Interview: McKenzie Funk Author Of 'Windfall: The Booming Business Of Global Warming' A new book explores the ways melting Arctic ice yield new shipping channels, new oil and gas resources — and potential profits. Journalist McKenzie Funk delves into the "booming business of global warming" in Windfall.
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Entrepreneurs Looking For 'Windfall' Cash In On Climate Change

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Entrepreneurs Looking For 'Windfall' Cash In On Climate Change

Entrepreneurs Looking For 'Windfall' Cash In On Climate Change

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In 2008, as scientists documented a record melt in the Arctic ice, and Al Gore's film, "An Inconvenient Truth," was in theaters, a half a dozen major investment houses launched global warming-themed mutual funds designed to take advantage of financial opportunities offered by climate change.

That's one trend noted in a new book by my guest, journalist McKenzie Funk, who has looked into how some entrepreneurs - and even sound nations - stand to benefit from climate change. His subjects range from investors buying water rights and farmland around the world, to private wildfire protection services for affluent American homeowners, to the nation of Greenland, which will be able to exploit new mineral deposits as its ice melts.

McKenzie Funk's work has appeared in Harper's, National Geographic and The New York Times. His new book is called "Windfall: The Booming Business of Global Warming."

Well, McKenzie Funk, welcome to FRESH AIR. You begin the book with describing being on a Canadian military vessel which is firing weapons into the water. What on earth was going on?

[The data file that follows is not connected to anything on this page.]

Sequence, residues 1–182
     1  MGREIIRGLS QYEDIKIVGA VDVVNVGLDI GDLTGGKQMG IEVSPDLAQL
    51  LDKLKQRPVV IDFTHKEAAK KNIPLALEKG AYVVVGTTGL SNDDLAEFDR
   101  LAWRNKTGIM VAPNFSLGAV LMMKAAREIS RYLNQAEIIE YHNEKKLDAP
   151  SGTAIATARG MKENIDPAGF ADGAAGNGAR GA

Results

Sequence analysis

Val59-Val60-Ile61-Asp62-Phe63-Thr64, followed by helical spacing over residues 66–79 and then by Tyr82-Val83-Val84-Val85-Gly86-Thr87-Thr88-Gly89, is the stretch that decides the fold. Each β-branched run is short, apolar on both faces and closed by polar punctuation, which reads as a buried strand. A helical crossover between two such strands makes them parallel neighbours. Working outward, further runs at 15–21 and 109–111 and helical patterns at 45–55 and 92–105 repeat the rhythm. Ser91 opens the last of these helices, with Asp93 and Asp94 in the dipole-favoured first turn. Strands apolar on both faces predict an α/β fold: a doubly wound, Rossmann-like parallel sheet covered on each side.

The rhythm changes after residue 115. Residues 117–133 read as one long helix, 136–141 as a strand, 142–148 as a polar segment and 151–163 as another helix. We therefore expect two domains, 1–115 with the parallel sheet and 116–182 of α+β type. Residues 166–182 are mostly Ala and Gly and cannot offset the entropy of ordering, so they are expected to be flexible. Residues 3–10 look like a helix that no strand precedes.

MCKENZIE FUNK: I think the Canadians were trying to look tough for everyone defending the Northwest Passage, which they would like to claim as their own internal waters. It's a disagreement over basically who owns that patch of the Arctic and it matters because of, well, the shipping lanes that are opening up as the ice pulls back. There's also oil.

DAVIES: Right. So we're talking about new shipping routes that are now going to be open to commercial shipping because the melting of ice in the Arctic. Give us a sense of sort of the scale of the melt and the shipping opportunities it presents.

FUNK: I started reporting this book in 2006. At that point, they were saying, you know, maybe 20-30 years in the future we will see an ice free Arctic in summer. We might be able to use the Northwest Passage then. And point of fact, by the next summer, there was an opening seen by satellites in the Northwest Passage. The summer of 2007 was a massive ice loss; I want to say it was the size of Texas was missing from the usual summertime shrinkage, and it has only accelerated, I think.

There are three different ways you can ship over the top of the world. You could go through the Northwest Passage, which is through the Canadian archipelago, north of Canada, North of North America. It leads to...

DAVIES: And we're talking about a passage from where to where?